Tuesday, April 1, 2014

Child Abduction

Today's headlines feature the case of a Colorado father whose young daughters were taken to Argentina by their mother after their divorce judgment granted him primary custody. It has taken him over 3 years to get his daughters back, and they are still not in his custody. Even though Argentina became a signatory country in the Hague Convention in 1991, the children's mother was able to stall the girls' return by using the lengthy appeals process through the Argentine courts.

What does this terrible situation mean for you? As made apparent in the above case and in countless other matters, having a designation of custody through a U.S. or Massachusetts Probate and Family Court does not prevent a non-custodial parent from abducting the children and fleeing the country. While it may be difficult to get children through security and on a plane without the notarized consent of both legal custodians when traveling out of Logan Airport, other airports are not as tough. Once out of the United States, the battle to force the non-custodial parent to return the children may be impossible.

If you suspect that your child's other parent may result to such extreme measures, it is imperative that you act proactively:
  • During a divorce or custody matter, ask that the child's passport be held by your attorney and that both parents be granted access only with court permission.
  • Ask that the Court institute a bond for the parent that is traveling with the children overseas, which can actually prevent that parent from leaving the country if the bond is set too high.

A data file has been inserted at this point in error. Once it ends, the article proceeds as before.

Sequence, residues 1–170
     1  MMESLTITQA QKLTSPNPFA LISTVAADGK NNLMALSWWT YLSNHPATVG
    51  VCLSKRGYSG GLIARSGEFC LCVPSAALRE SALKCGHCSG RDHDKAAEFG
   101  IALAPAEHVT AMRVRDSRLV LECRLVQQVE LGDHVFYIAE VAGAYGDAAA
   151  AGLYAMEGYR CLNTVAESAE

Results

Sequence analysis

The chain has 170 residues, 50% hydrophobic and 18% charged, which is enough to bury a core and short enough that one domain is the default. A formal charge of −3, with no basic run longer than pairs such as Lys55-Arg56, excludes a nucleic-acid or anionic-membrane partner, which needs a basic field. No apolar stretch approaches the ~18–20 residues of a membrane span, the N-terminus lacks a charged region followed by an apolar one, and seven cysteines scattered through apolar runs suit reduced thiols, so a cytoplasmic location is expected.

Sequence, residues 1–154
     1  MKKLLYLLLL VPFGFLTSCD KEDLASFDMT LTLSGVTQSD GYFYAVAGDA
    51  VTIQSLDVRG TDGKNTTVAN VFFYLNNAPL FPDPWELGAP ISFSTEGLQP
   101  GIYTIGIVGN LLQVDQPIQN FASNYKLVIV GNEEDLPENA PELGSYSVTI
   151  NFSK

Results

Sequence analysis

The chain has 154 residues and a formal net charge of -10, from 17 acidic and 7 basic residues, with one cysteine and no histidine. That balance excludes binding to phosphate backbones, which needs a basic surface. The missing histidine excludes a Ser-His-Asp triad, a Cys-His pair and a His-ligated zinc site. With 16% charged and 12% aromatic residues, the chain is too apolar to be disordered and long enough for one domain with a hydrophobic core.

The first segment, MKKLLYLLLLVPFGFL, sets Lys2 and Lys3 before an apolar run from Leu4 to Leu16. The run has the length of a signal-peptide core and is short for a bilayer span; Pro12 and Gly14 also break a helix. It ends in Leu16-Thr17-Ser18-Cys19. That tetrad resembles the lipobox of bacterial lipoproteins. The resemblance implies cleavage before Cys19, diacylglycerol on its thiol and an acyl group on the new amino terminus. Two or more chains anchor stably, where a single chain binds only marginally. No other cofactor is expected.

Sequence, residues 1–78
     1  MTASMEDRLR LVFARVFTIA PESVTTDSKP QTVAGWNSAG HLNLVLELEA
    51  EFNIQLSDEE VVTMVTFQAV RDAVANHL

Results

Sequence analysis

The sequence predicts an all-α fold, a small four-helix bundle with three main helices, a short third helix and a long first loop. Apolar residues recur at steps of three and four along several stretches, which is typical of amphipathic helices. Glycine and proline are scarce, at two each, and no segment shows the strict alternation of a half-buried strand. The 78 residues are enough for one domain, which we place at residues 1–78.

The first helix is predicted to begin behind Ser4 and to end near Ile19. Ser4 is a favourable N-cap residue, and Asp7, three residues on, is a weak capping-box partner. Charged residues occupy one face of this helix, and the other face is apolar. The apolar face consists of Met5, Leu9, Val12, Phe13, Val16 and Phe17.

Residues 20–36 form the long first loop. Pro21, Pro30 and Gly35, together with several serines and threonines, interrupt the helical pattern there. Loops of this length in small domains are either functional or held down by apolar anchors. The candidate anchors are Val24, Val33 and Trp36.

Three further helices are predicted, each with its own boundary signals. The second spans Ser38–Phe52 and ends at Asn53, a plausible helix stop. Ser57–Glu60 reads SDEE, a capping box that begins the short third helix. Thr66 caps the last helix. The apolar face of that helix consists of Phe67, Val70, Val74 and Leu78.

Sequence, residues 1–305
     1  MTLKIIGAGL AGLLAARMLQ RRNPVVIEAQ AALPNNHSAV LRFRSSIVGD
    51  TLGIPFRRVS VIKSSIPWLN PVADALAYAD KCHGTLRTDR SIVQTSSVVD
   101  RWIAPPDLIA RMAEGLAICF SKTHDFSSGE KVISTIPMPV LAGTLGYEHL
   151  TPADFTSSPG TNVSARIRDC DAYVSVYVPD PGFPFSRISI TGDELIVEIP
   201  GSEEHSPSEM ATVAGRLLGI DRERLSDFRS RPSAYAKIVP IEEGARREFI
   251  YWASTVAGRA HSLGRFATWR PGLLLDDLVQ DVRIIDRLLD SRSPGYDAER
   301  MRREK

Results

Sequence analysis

• If the children do not have passports, ask the Court to issue an order that neither parent may request a passport for the children.
  • Depending on the age of your children, teach them how to use a telephone and have them memorize your phone number.
  • Ask that the children's school alert you if the children are picked up early by their other parent.
Most importantly, if you suspect that an abduction is likely, take immediate action and seek assistance from the court.

(c)2014 by Law Office of Leila J. Wons The information you obtain at this site is not, nor is it intended to be, legal advice. You should consult an attorney for advice regarding your individual situation. Contacting us does not create an attorney-client relationship. Please do not send any confidential information to us until such time as an attorney-client relationship has been established. In accordance with rules established by the Supreme Judicial Court of Massachusetts, this blog must be labeled "advertising."

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